FAR-RIGHT extremists have accused the city council of discrimination after it decided to ban them from marching through the Capital.
The Scottish Defence League had applied to march along three possible routes – Regent Road to the Scottish Parliament, Market Street to East Market Street and Regent Road to St Andrews House – after an earlier proposal for a parade from St Giles’ Street to the Grassmarket was ruled out last month.
Members of the council’s licensing committee said yesterday that the decision was due to fears over disruption and public disorder.
The Scottish Defence League (SDL), which describes itself as opposing Islamic extremism, said it would challenge the decision in the courts.
Graham Walker, the SDL’s regional organiser for east Scotland, said: “They are discriminating against our group. The United Against Fascism group were allowed to march – and how much damage do they cause?
“We will be taking the council to court on the basis of the Equality Act 2010.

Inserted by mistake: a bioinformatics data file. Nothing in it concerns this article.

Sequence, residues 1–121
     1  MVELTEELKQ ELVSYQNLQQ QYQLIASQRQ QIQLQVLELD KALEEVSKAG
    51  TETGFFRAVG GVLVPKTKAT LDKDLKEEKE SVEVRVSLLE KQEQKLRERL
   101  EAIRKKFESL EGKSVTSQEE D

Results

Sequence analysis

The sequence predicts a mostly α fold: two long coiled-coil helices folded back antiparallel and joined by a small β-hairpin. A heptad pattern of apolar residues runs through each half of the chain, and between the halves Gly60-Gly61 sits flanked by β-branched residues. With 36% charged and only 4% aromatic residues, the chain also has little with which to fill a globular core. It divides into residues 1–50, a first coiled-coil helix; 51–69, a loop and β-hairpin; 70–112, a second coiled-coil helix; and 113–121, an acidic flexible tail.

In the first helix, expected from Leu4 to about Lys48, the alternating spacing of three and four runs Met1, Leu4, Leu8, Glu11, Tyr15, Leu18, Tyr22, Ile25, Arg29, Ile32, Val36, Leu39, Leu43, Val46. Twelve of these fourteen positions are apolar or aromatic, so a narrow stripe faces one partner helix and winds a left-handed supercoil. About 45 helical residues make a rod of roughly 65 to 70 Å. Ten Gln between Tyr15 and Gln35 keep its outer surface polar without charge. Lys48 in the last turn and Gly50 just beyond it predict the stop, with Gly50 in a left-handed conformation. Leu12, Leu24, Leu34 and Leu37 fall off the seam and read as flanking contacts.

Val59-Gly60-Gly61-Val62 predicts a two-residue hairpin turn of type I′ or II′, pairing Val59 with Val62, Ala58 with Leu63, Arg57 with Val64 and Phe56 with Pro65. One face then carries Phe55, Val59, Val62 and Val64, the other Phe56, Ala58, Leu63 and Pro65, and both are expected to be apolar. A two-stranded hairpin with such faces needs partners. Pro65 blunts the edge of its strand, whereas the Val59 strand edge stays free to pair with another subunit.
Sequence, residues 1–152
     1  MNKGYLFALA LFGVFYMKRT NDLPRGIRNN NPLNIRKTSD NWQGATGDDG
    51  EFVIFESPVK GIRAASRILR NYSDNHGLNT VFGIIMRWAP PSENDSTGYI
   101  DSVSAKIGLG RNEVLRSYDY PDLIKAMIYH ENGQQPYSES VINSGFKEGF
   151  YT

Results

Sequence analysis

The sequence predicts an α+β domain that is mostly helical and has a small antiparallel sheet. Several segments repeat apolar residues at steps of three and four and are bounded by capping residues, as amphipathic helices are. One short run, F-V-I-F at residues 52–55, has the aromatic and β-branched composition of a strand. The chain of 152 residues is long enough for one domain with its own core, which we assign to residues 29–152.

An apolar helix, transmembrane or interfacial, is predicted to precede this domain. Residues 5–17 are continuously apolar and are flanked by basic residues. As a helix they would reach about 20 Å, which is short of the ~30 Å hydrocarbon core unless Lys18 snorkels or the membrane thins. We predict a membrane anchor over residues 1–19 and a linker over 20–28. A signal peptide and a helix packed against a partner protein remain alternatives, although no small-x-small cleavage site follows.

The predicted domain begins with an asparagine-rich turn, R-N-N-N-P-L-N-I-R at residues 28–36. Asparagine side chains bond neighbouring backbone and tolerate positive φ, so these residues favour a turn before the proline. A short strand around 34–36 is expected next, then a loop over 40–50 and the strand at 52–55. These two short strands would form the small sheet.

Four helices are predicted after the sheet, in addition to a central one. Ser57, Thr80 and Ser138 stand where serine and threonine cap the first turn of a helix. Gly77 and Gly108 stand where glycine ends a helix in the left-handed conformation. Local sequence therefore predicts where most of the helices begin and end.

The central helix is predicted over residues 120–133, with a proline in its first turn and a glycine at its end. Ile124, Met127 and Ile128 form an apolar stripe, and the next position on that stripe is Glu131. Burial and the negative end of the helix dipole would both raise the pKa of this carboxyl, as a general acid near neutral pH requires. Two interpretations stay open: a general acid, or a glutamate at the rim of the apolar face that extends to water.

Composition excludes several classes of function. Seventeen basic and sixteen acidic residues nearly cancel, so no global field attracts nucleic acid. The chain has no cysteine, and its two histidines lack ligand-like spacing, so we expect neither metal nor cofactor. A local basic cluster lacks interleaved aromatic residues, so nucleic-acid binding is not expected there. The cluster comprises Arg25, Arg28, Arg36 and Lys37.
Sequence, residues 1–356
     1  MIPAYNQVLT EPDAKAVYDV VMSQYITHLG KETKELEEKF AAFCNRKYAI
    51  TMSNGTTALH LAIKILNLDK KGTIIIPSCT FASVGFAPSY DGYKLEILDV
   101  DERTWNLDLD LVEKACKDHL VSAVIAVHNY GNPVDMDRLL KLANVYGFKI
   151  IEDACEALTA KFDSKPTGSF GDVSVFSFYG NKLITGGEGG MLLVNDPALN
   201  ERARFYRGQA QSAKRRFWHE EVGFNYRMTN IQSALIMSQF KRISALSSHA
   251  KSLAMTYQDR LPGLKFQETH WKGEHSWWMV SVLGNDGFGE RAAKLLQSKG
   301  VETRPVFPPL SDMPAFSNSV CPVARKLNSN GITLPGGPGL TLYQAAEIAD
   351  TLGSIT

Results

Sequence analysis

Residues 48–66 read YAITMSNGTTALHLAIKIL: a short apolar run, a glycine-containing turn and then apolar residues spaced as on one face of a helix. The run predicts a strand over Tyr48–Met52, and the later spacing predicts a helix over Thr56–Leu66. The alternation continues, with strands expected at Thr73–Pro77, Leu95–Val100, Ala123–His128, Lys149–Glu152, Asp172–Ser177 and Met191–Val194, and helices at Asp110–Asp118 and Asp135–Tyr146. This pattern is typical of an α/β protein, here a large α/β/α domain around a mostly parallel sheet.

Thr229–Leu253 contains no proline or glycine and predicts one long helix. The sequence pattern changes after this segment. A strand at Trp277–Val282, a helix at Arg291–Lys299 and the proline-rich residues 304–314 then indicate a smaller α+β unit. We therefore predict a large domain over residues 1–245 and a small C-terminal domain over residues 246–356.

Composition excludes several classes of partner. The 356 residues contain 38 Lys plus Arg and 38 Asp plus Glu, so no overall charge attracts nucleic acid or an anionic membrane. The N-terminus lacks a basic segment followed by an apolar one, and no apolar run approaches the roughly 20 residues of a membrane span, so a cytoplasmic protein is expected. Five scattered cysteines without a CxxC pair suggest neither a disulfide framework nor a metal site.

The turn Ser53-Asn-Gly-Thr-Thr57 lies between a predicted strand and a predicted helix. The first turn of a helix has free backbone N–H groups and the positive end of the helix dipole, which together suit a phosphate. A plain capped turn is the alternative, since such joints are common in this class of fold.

“For them to say that it’s going to upset the public – if you look at the Regent Road to St Andrews House route, it’s non-residential, there’s no public there, so how can they say it’s going to disrupt the public?”
Councillors also referred to the “distressing” impact of the SDL’s recent messages on the building of new mosques and drew attention to a placard displayed at a march in Glasgow in February which said “No Muslims, No Mosques Wanted in Britain”.
Mr Walker said: “We will be having a static demo in the Grassmarket, and there will be a static demo every month this year. If the council want to play games, we can too.”
Councillor Louise Lang acknowledged the “more positive” engagement which had taken place over this year’s march but said: “It’s very antagonistic to say that places of religious observance are ruining opportunities for communities.
“I find that the antagonistic element of what’s being conveyed by the SDL will be upsetting and distressing for the public.”
Councillor Joanna Mowat said it was wrong to base the decision on a judgement of the SDL’s politics.
She added: “We are not here to adjudicate on the views of the SDL. We live in a country of free speech.”
Superintendent David Carradice, of Lothian and Borders Police, said: “We are confident that we could manage any potential disruption and disorder during the march.”